Witches don’t wear conical hats. Witches don’t ride broomsticks. Witches are women. Strong women. A Witch is a Feminist.

Hecate Wicca

These are bold claims. Even for a witch.

But here is why they are true.

History has been harsh to women. The present is also harsh to women. It has also been harsh to Wicca. It still is harsh to Wicca.

But what is Wicca?

Wicca is a highly unorganised and non-institutionalised religion that follows old beliefs – beliefs older than most religions – which blend a unique mixture of worldwide pagan belief systems into one that is accessible to anyone. An adherent of this faith is known as a witch.

Again, these witches do not wear conical hats. They do not fly on broomsticks. And they are not evil. They do not worship Satan.

There. I said it. Because despite what organised religions and pop culture media may tell you, this is a real belief system which Wiccan High Priestess Ipsita Roy Chakraverti describes as offensive to no religion. She claims that it simply separates the inherent good and evil within each of us. Indeed, Wiccans do not go out trying to convert people. Nor do they cast spells on people (at least not in the fantastical sense of the word).

But I shall not go into the details of what Wicca is. Rather, I will put this here.

Witches, Feminism, Wicca

See, the struggle of the witch is fundamentally tied to the struggle of the woman.

Chakraverti, a witch, claims that witchcraft was the first feminist movement in history. Here is why I think she is right.

As the picture above claims, the witch trials of the early modern period have been somewhat romanticised by the modern pop culture. Indeed, it has turned the centuries old struggle of women into nothing more than a gimmick. The struggle is centuries old. I can guarantee that witch trials have taken place every single year since the infamous ones took place in Europe and North America. Accused witches continue to be lynched and murdered in many other ways to this day.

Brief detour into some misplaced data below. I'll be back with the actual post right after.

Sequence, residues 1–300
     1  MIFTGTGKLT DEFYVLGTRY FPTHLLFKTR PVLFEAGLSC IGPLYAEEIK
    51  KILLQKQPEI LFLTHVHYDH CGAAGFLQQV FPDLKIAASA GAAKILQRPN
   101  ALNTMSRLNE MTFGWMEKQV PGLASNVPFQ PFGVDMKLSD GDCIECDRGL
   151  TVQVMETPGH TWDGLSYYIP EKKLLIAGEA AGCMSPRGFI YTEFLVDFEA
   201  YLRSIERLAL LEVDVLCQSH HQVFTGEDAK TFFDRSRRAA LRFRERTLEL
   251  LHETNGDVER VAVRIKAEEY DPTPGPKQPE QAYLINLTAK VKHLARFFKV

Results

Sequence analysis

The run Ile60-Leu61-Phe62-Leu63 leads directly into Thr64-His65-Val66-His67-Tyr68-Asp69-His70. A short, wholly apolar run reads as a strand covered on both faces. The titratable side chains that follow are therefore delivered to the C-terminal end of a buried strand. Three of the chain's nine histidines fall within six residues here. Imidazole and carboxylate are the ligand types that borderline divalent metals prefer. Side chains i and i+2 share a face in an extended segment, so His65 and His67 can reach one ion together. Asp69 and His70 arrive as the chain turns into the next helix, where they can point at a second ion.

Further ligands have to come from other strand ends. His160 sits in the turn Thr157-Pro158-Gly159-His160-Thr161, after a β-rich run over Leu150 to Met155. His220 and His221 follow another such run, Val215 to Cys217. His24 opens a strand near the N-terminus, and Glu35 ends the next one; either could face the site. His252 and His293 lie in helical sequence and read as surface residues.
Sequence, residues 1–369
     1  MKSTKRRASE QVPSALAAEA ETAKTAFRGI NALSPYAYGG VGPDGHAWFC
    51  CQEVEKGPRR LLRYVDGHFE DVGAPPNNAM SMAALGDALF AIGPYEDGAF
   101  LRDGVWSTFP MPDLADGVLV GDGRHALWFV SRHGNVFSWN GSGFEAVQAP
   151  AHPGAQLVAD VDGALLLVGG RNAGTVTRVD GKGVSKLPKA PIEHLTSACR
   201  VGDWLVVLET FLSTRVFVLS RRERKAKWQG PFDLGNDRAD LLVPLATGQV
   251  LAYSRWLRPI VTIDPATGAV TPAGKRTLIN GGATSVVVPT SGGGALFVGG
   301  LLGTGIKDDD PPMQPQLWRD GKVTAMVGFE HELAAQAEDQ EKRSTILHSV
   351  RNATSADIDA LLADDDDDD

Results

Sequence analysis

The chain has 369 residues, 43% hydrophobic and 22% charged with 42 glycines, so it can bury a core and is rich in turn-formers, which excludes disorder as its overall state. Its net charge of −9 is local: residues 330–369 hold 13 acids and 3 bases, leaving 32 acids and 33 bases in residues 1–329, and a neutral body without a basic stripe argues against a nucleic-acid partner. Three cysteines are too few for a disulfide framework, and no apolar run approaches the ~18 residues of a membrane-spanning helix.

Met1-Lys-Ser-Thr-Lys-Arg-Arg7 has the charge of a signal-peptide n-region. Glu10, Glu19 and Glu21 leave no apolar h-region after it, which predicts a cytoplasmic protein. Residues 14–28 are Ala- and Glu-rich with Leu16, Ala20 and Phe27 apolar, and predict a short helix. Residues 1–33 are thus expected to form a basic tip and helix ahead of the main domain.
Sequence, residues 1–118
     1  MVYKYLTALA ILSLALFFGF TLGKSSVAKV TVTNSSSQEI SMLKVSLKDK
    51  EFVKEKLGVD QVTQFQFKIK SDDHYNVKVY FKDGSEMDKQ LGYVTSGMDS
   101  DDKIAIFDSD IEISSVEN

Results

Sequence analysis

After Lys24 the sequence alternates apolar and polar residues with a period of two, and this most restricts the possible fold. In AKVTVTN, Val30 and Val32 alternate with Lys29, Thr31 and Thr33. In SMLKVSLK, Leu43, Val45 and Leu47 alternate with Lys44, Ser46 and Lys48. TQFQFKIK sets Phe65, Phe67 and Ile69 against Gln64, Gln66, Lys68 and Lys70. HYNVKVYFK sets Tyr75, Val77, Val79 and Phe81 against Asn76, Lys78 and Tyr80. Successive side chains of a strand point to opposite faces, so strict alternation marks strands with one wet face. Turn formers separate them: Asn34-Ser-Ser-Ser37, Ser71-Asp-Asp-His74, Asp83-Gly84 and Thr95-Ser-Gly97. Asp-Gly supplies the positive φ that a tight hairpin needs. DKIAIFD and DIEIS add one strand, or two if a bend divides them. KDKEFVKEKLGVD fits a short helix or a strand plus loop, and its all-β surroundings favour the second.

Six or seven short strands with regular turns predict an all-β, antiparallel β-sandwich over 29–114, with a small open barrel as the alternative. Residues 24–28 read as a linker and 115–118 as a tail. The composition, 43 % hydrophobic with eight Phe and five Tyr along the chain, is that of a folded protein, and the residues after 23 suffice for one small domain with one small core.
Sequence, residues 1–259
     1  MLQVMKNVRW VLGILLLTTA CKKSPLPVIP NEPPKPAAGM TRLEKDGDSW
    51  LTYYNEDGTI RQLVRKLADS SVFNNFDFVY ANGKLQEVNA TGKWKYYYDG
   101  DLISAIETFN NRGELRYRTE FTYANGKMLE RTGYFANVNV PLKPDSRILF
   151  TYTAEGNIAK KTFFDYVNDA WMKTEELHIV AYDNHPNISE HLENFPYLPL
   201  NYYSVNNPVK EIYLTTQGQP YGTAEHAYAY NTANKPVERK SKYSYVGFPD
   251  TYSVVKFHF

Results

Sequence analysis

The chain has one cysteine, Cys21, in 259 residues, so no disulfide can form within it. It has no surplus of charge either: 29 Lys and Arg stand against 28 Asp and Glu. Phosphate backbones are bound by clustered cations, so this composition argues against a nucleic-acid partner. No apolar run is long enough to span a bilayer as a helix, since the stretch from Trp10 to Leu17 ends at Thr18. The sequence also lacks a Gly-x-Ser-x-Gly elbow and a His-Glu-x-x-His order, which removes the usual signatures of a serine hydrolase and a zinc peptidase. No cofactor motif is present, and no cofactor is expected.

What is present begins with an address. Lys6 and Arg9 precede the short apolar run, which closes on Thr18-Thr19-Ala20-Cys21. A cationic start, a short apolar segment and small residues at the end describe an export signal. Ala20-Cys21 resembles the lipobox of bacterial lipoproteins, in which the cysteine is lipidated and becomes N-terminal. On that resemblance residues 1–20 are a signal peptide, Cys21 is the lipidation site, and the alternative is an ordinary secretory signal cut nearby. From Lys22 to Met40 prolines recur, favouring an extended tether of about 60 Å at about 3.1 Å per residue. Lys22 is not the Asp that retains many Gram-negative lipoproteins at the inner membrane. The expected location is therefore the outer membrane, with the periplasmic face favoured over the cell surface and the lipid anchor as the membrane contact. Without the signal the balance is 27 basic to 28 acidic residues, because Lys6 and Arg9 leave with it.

This struggle is tied to women because the victims have almost exclusively been women. Women who have sought a life that is not defined by a man. In those days those women were the midwifes, the healers, the herbalists, and even women who just lived alone or in seclusion. Today, these women are the same women. Women who seek to throw down the shackles imposed on them by a religiously entrenched patriarchal society.

These women, these victims, they are the real feminists.

And society has not been fair to them. They have murdered them. They have oppressed them. They have branded them witches. They have branded them outcasts. Society has maligned the name of a witch. It has attached taboos to that title that even women like Chakraverti are attacked by religious groups and men.

I spoke about this issue at a Young Historian’s Conference in 2014. The evidence is damning. There is a multitude of content that supports the view that innocent women, perhaps even adherents of the old ways of Wicca, were murdered by men guided by their religion, guided by their society, and guided by governments and other men acting as proponents of this theory of evil. There was even a guide written for the identification and disposal of a witch. Malleus Maleficarum.

And today, the destruction continues. Women continue to be marginalised. Witches continue to be the victims of hate and murder. And feminism, a movement of emancipation that evolved centuries ago in the small acts of freedom that women sought, has continued to be suffocated by patriarchy, by laws, by lawmakers and politicians, by workplaces, by families and society, and by religion.

And so the struggle of the witch and the women remain indefinitely intwined. A women for seeking her freedom. And a witch for being a women and expressing her freedom. And the screams of those women and witches suppressed for centuries go unheard. Maybe it is time to separate the witch from the women. Maybe it is time for them both to flourish.